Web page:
I can understand Green’s desire to control immigration – it’s a populist move – but I don’t think we should be frightened of graduates coming through the university system. Most graduates struggle to find decent work anyway because they have very little work experience, imagine adding the requirement for a work visa to that and you can see that it’s not an automatic gravy train for immigrants.
If Green really wants to target bogus immigration then he should steer clear of the universities and focus on the so-called ‘colleges’ that teach basic IT or English. The teaching quality of many of these colleges is highly dubious, yet a student can enrol on a course and get a visa to stay in the UK – allowing limited working hours.
It doesn’t help the student who might expect a decent level of education, or the UK job seekers who claim that migrants have displaced their jobs. Seek out the bogus colleges, but don’t tar all universities with the same brush – the UK reaps huge rewards from foreign students bringing their skills over here.

Lse library

On yer bike scroungers! Council tenants to get the boot…

The new Work secretary, Iain Duncan-Smith, has caused outrage by suggesting that the unemployed should move in search of work, directing his focus mainly at council tenants who occupy local authority property, claim benefits, and generally don’t do a lot – it’s reminiscent of former Tory minister Norman (now Lord) Tebbit and his famous ‘my old man got on his bike’ speech.

Tebbit is often misquoted, he actually said: “I grew up in the ’30s with an unemployed father. He didn’t riot. He got on his bike and looked for work, and he kept looking ’til he found it.” He was responding to a statement that unemployment naturally leads to riots.

Iain Duncan-Smith is the protégé of Lord Tebbit and that’s easy to see with these new plans about migration. When Tebbit left the Commons for the Lords, Duncan-Smith replacing him as MP, he is alleged to have said: “If you think I’m right-wing, you should meet this guy.”

But there is an issue of structural unemployment in the UK. Jobs are out there, but often the long-term unemployed are not living in locations where suitable jobs are available. What are the thousands of skilled workers  at the former Corus steel plant in Teesside going to do now – work in McDonald’s or deliver newspapers? Hardly fulfilling, rewarding, or exploiting the skills available.

There is already a system that allows people to swap their council home with tenants in another location, though why people in an area full of work might want to move someplace where there is none is beyond me. The unsettling thing about what the government is now proposing is that they want the power to force people to move in search of work.

That’s not like the romantic dream of the American migrant worker. It’s compulsion. And though I am all for the government trying to help people into work, I don’t think that charging up behind vulnerable people with a big stick is a very strategic appeoach.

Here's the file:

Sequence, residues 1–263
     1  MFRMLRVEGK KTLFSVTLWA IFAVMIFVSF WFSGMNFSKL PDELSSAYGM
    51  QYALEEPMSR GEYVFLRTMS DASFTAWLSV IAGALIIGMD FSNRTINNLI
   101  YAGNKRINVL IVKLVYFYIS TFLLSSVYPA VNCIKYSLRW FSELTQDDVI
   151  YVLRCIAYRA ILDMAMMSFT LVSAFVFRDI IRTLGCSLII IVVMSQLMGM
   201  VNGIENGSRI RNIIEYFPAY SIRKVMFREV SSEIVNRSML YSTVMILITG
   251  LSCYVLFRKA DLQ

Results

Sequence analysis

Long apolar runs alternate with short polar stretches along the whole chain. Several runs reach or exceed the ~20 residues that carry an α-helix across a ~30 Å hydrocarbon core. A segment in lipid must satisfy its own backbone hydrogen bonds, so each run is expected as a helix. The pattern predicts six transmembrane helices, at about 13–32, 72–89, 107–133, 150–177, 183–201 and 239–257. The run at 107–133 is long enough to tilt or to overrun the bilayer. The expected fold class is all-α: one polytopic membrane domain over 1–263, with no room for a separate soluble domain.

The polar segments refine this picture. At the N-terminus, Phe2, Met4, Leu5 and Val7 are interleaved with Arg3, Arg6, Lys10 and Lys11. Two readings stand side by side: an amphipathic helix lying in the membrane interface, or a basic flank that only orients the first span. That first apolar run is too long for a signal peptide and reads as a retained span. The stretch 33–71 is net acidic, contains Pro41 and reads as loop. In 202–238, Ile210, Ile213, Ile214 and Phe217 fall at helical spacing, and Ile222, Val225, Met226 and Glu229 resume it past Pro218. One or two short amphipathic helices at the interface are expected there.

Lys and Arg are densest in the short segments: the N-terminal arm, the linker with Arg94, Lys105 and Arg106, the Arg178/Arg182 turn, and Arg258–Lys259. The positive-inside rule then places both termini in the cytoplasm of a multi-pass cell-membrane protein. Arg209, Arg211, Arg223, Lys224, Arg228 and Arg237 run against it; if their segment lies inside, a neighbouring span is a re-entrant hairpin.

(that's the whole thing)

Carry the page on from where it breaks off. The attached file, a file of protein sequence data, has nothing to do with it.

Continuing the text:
Everyone wants to get rid of dole scroungers and the long-term sick claiming incapacity benefit and spending it in the pub – that’s a given – but this problem needs more thought than clunking Conservative proposals to force council tenants out of their home. What about their family and support networks? How will a single parent arrange child care in a new city, because they will need it if they are heading out to work fulltime?

I think the more intelligent response to this issue of work distribution would be to approach it with short, medium, and long-term proposals. In the short term, make it attractive for companies to create jobs away from the Southeast – offer tax incentives and grants to make it really worthwhile. Then for the longer term, the only thing that can make the people more mobile and more likely to find work in future is their education and skills. Give them training and let them find new work, don’t kick them out of home because it makes for a good headline on cutting costs.

Wasn’t there that story in the Bible about teaching a man to fish…?

Labour struggling

1984 all over again

It’s time for an emergency budget! Stop spending on everything!

Since the election in May and the formation of the coalition government there has already been two rounds of spending cuts – a quick announcement of £6bn of savings and a more recent tranche of £2bn.

But as we borrowed something like £180bn last year, this emergency budget is going to go deeper then anything anyone in the UK can remember – probably this is going to be harsher than the early 80s with Thatcher.

Yet I get a sneaking suspicion that the present government wants to whip up this feeling that times are hard so they can facilitate cuts right across the public sector, in the same way the public can support a war when they think there is an imminent threat of attack.

It’s a disaster. The previous lot were all wrong and don’t blame us for the cuts. It’s all their fault!
Sea of pennies at Rockefeller plaza